Tuesday, 27 November 2007
Album Review - Asobi Seksu: Citrus
Bilingual Brooklyn-based band forego shoegazing in favour of giddy pop psychedelia
If your knowledge of Japanese stretches no further than sushi and sudoku, here’s a new one: asobi seksu, Japanese for ‘playful sex’. Asobi Seksu is also a Brooklyn three-piece whose pretty package of heavily textured bilingual pop has been making its way around the UK tour circuit this last month. Though still relatively unknown, sophomore release ‘Citrus’ is a convincing introduction for newcomers to their psychedelic breed of shoegaze. It showcases melodic direction and newfound pop sensibilities whilst retaining a trademark white-noise euphoria, caught in orbit around Yuki Chikudate’s beguiling, breathless vocals.
Citrus is spattered with enough dizzying distortion and squalling tremolo bar manipulation to relegate it to the been-done basket beside noisy nineties albums from the likes of My Bloody Valentine, but meticulous production saves it from this fate. The fuzz of feedback and amorphous distorted guitars no longer saturate and overwhelm, instead being employed to create waves of texture and detail that push through each track.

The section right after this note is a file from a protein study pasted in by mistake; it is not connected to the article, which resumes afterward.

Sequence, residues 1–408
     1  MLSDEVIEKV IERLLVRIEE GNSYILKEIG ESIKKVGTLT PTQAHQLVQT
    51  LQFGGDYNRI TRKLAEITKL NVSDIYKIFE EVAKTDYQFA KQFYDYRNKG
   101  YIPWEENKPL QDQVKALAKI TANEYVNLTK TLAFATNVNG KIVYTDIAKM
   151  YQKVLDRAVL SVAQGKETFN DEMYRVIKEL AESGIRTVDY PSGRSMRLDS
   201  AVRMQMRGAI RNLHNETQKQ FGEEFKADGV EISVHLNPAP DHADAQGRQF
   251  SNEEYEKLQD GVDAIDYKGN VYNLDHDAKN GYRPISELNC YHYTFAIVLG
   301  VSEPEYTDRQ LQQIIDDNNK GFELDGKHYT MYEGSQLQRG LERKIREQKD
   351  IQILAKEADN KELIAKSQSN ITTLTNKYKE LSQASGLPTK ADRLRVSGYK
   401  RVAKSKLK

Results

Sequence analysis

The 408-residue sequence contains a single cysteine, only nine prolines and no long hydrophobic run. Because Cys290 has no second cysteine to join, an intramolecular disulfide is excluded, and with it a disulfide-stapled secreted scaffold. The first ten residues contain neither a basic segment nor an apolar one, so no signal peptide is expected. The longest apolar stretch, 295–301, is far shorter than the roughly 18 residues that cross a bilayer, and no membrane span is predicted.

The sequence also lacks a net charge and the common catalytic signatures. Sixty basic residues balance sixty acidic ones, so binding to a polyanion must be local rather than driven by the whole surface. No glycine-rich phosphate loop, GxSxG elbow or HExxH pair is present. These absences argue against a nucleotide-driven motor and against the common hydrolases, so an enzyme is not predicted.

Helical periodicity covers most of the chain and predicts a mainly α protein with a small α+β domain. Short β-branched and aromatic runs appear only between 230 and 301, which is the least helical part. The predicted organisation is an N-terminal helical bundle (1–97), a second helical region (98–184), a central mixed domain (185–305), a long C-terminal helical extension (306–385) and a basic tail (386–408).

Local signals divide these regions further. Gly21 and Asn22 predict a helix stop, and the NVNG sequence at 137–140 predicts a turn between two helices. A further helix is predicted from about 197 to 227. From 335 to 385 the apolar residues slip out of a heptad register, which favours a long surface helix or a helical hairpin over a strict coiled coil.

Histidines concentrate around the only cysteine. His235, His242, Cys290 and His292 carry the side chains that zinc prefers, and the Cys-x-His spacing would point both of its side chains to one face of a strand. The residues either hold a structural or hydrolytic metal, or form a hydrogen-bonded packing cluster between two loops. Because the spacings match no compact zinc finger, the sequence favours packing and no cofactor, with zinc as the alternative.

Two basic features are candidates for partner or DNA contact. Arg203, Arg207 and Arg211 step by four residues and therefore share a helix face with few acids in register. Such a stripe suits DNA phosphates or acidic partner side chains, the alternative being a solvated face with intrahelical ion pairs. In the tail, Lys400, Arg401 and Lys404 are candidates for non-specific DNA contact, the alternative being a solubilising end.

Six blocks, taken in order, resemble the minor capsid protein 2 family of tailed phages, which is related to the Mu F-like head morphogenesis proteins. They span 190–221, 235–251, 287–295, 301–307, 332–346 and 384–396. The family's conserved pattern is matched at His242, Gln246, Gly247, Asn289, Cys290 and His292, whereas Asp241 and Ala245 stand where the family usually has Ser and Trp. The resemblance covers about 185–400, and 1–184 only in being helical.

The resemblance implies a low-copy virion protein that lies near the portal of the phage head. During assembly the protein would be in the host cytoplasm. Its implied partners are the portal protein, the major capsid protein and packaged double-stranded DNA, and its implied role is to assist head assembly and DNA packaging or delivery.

Contrary to the tumultuous walled sound of early shoegaze that suffocated subdued vocals, Asobi Seksu keep steady focus on the winding melodies of Yuki’s piercing siren-singing. Guitars and synth drop out and pick up as appropriate around catchy if completely unintelligible refrains, often sung in Japanese.
The bubble-gum cloy of ‘Goodbye’ is pop-sensible to the point of mundane, and ‘Strings’ seems to wander aimlessly on the precarious fringes of Yuki’s vocal range, but these are mediocre exceptions. Collectively, the measured, magnificent exhilaration of the album is exemplified in ‘Thursday’, where an incessant hi-hat propels James Hanna’s mingled guitar riffs forward under the catchiest of Yuki’s melodies. A coursing bass lead and the gradually intensifying splashes of cymbals build texture through each refrain before crashing into a synth-led finale that intertwines elements to the point of ubiquity. This is what pop should sound like: propulsive, carefully pieced together pandemonium that entices and encompasses in equal measure.